The Caribbean boasts a wealth of competitive sailing talent. Yet in the 51 years since the region first sent sailors to the Summer Olympics – starting when Richard John Bennett and Gerald Bird from Trinidad & Tobago finished 30th in the Flying Dutchman Class at the 1960 Summer Olympics in Rome, Italy – only one sailor has brought home a medal. That is the U.S. Virgin Islands’ Peter Holmberg, who won a silver medal in the Finn during the 1988 Olympics in Busan, Korea. Will Holmberg finally have company in 2012? Past and present Caribbean sailing Olympians speak out on what it means to be an Olympian and what it takes to win a medal.
The chance to sail at the pinnacle of the sport has been a highlight for four-time Olympic multihull sailor Enrique Figueroa of Puerto Rico. “It has also taken me places that I have only dreamed about and provided me with a sailing family worldwide.”
The Olympics on a resume opens doors, adds Curacao’s Cor van Aanholt, who sailed the Laser in 2000. “It gives you credibility in the sailing world, sporting world and beyond. But, of course, it only gives you chances. You still have to grab the chances and do something with them. It doesn’t give you a free ride.”
It’s certainly isn’t easy to get to the Olympics let alone win a medal. Holmberg competed in 1984 before winning his silver in 1988. It was during a long drive from Los Angles to Florida in the wake of the ’84 Games that he figured out a winning plan: a concentrated two-year campaign.
“I trained at home, often by myself, often into the night,” Holmberg describes. “Then, when I got a second Finn, I asked other good sailors from the Yacht Club to come out and train with me. I would fly to the US every few months to do regattas and gain fleet smarts. Then I made three really key decisions. I decided to host a training session at home in the VI, inviting three really good US sailors down to train with me one winter. Next key decision was to fly to Korea, test the conditions and the Finns they were building for the Games. From this experience and seeing that the conditions were going to be extreme, I bought one of the prototypes, shipped it home, and did my final year of training in the VI. I then selected one other small nation sailor to team up with, provided him a place to live, and a faster boat to train with against me. We set a course in the middle of Pillsbury Sound and did two long races a day. Then in the final month, we moved to the exact Olympic schedule, eating at the scheduled times, starting our race at the 1pm race time, and doing the full Olympic course each day.”
Fast-forward nearly a quarter century and some of the regions hopefuls for the 2012 Summer Olympic Games, which will be sailed out of Weymouth, UK, include: the Dominican Republic’s Raul Aguayo in the Laser; the USVI’s Cy Thompson in Laser and Mayumi Roller in Laser Radial; St. Lucia’s Stephanie Devaux-Lovell in Laser Radial; Puerto Rico’s Raul Rios and Marco Teixidor in Men’s 470 and Curacao’s Monique Meijer in Female RS-X, Dennis van den Berg and Ard van Aanholt both in Laser Standard and Philipine van Aanholt, in Laser Radial.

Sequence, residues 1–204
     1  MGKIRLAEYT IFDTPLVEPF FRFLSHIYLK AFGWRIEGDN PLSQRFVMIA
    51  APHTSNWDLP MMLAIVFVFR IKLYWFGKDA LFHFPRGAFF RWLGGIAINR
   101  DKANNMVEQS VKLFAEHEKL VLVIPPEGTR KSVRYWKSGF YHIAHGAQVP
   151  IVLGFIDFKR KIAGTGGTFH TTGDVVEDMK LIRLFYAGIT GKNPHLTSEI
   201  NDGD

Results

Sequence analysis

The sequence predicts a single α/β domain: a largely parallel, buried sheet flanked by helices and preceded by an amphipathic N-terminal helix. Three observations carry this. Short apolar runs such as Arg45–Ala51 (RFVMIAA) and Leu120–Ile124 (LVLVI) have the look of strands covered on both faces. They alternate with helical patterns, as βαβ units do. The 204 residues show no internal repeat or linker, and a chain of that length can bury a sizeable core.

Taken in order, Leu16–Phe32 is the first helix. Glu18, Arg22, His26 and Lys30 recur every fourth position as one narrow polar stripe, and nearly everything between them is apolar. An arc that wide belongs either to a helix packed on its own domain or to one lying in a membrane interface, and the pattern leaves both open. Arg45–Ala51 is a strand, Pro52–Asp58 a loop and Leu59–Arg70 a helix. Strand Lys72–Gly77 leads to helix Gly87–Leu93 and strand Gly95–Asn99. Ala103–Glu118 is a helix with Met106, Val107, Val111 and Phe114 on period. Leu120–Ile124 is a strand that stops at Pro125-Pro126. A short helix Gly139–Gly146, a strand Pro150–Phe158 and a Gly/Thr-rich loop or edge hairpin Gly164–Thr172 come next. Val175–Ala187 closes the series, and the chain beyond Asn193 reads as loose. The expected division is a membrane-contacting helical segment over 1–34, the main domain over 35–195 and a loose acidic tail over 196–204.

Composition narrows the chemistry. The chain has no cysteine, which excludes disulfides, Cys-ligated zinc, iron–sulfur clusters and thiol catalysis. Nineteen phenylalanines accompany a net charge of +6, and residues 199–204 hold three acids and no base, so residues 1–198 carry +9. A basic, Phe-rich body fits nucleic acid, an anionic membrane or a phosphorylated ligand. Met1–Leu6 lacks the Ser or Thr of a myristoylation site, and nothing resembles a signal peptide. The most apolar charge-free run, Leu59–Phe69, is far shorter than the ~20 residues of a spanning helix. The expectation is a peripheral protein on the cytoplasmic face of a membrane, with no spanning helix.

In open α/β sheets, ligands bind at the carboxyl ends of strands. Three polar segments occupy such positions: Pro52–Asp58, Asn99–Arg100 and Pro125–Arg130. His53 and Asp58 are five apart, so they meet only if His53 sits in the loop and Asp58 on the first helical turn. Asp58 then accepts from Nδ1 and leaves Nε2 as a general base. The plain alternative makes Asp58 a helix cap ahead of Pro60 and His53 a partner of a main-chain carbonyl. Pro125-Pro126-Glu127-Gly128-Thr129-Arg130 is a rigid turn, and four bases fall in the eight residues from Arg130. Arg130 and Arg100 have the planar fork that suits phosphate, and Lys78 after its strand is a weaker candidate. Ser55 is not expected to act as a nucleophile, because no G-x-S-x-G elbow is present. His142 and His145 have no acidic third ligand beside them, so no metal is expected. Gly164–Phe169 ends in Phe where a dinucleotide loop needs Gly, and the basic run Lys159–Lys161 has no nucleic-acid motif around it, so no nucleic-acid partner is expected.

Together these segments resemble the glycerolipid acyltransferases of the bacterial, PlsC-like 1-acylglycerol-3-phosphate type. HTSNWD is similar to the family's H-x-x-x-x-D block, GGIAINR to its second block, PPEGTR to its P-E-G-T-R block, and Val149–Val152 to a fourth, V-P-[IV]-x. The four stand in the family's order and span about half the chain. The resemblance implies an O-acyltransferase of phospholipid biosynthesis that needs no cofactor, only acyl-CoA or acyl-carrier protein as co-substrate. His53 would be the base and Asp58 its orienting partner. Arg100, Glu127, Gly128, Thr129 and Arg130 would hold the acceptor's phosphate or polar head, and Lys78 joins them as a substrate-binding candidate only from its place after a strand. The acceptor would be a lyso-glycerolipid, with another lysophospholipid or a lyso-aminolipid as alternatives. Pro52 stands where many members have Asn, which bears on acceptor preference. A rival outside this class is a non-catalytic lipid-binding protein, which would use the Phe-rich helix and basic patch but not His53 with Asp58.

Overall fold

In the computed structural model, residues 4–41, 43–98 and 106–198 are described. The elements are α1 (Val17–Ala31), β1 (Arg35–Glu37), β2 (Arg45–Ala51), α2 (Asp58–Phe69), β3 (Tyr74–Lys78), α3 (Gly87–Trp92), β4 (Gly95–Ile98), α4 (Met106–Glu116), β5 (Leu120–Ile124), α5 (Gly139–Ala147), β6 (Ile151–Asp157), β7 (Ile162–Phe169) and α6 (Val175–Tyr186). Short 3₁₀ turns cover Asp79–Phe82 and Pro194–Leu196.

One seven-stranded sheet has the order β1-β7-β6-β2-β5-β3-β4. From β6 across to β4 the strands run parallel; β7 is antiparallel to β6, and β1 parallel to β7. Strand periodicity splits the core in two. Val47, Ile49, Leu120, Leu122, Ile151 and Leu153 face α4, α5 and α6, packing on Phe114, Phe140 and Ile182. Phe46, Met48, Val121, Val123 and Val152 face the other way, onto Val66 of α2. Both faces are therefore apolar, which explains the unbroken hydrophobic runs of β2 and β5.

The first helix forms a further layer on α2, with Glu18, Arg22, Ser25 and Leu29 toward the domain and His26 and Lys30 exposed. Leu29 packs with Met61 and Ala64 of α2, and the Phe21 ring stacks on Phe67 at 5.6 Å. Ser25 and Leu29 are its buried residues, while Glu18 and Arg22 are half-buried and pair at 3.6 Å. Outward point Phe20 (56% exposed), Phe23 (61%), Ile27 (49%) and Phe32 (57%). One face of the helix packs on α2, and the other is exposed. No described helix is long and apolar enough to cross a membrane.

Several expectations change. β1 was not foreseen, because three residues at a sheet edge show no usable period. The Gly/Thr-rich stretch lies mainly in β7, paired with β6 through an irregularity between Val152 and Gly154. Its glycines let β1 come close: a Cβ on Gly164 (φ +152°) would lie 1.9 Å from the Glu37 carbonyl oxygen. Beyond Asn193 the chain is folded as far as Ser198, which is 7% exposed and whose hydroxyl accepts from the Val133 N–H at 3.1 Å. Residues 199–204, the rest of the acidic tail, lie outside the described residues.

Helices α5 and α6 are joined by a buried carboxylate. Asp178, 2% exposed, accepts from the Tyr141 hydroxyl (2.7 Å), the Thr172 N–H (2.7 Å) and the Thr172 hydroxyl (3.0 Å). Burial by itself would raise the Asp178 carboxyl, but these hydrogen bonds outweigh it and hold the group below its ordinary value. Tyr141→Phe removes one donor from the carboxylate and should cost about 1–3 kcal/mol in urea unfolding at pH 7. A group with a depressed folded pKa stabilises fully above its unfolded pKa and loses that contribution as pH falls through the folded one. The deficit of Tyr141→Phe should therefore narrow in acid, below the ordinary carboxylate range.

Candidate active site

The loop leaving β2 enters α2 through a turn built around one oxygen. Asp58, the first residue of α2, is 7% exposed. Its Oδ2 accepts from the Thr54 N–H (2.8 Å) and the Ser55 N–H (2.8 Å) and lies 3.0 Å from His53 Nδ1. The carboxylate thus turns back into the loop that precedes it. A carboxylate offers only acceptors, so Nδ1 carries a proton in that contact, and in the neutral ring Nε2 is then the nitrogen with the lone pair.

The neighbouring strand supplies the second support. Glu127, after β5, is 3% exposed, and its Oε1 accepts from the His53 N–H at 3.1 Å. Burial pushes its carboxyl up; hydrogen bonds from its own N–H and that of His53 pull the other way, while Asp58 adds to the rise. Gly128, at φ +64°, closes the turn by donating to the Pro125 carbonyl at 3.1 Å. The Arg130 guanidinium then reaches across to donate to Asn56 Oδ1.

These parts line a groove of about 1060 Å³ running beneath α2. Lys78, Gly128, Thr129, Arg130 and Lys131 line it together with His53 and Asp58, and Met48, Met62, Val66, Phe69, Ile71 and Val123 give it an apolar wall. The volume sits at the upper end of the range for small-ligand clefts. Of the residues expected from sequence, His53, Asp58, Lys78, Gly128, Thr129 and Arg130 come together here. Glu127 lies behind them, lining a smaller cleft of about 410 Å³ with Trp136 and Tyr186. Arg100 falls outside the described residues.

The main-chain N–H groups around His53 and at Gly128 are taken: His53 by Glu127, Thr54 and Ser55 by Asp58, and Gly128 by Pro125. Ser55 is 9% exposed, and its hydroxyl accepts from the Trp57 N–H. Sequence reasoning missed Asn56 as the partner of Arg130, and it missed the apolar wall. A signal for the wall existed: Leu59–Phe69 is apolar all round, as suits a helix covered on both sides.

This year’s Summer Games literally represent the next generation for Curacao’s van Aanholt.
“Ten years ago, when we started the youth program in Curacao, I would not even have dreamed about having one of the kids of the program to sail an Olympic Qualifier just 12 years after I participated in Sydney,” says van Aanholt. “And look! We have three campaigning sailors, two of them being my children. Lots of people think I am training and coaching my children, but that is not the case. What I do is find the best coaches for them and define what type of coaching they need at certain times in their career.”
Yet another Caribbean sailor who hopes to sail in Weymouth is Andrew Lewis, of Trinidad & Tobago. Lewis eloquently sums up just what this means to him: “I want to sail in the Olympics because it is a dream of mine. I want to win the gold medal in my sport and for my country. I know that my sailing at the Olympics will inspire a whole new wave of young sailors in T&T and help the sport to grow. This is a great responsibility, but one that I am looking forward to.”
Finally, Holmberg offers this sound advice to future generations of Caribbean sailors who aspire to the Olympics. “Analyze your strengths and weaknesses from here in the Caribbean. Stop following the herd. You will not be able to outspend or out-campaign the big countries. But you can out think them. You must think outside the box. The Olympics are so unique, so difficult to succeed at, that you must do something extraordinary if you hope to win.”
Carol M. Bareuther, RD, is a St. Thomas, U.S. Virgin Islands based marine writer and registered dietitian.